Analysis: How to tame the lone-wolf attacker

Out of six deadly terrorist attacks carried out by Palestinian lone attackers this month, three involved perpetrators that came from the West Bank.

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November 12, 2014 08:30
1 minute read.
Terror attack in Jerusalem

Scene of terror attack in Jerusalem, Nov 5.. (photo credit: MARC ISRAEL SELLEM/THE JERUSALEM POST)

 
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It took some time, but eventually Palestinian violence rippled out of Jerusalem into the West Bank.

Until this week, terrorist incidents and the upsurge of rioting were largely limited to Jerusalem, yet, just as they spread west of the capital to Arab-Israeli towns, so, too, have they spread to Judea and Samaria.

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Out of six deadly terrorist attacks carried out by Palestinian lone attackers this month, three involved perpetrators that came from the West Bank or attacks that occurred there. Incidents of firebombs and rock-throwing have surged in the area in recent days.

This has prompted the IDF’s Central Command to initiate a sequence of steps aimed at freezing the escalation and preventing the flames of violence from growing into a large-scale blaze – the intifada so often referred to by many.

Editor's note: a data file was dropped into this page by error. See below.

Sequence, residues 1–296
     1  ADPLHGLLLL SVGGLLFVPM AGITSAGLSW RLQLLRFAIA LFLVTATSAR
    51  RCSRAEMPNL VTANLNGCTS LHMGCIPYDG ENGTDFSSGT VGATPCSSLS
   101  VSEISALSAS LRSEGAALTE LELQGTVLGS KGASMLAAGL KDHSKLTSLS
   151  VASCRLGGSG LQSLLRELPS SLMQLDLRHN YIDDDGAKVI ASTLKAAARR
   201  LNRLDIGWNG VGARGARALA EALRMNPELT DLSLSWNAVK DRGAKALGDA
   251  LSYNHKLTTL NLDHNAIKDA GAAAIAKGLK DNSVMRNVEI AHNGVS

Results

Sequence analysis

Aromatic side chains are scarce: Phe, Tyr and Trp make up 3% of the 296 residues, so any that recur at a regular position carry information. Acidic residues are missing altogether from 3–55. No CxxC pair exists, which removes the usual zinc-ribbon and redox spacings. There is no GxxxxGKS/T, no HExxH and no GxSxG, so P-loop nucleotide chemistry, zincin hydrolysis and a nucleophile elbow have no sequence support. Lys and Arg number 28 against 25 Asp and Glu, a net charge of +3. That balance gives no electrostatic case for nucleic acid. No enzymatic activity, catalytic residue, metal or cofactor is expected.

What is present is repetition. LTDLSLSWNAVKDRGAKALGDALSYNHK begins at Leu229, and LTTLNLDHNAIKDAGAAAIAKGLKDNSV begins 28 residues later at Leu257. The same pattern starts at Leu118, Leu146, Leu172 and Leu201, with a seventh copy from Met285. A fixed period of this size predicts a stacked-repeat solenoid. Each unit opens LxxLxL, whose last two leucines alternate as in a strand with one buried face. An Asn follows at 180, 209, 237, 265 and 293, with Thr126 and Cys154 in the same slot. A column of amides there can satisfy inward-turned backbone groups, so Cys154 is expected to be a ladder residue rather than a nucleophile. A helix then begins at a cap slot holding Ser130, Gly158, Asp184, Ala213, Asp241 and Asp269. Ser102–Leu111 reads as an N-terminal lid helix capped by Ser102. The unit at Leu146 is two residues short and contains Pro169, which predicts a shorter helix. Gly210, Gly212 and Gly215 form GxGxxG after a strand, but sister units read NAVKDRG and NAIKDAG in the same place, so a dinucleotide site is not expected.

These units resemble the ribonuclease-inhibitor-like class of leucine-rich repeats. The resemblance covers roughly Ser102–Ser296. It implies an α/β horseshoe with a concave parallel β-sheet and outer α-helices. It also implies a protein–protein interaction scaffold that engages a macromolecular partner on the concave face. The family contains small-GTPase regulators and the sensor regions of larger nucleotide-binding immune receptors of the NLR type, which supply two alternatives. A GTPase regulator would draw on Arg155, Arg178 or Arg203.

These steps include the mobilization of a number of back-up battalions to the sector, an increase in arrests of security suspects affiliated with terrorist organizations and suspected rioters, and an attempt to boost visibility, in order to deter potential attackers.

But the truth is that no one in the defense establishment knows whether these steps will be effective.

Unlike organized terrorist attacks, which leave behind an intelligence trail that allows the Shin Bet (Israel Security Agency) to frequently monitor and disband Hamas and Islamic Jihad cells in the West Bank, the lone attacker gives no prior warning before acting.



There is no way to eavesdrop on the signal sent from the attacker’s indoctrinated, hate-filled mind to his knife-clutching hand.

As a result, boosting visibility and trying to get lone attackers to think twice after seeing large numbers of soldiers on the ground represents the IDF’s main effort to prevent a further escalation at this stage.

If that effort fails, more drastic steps may be taken.

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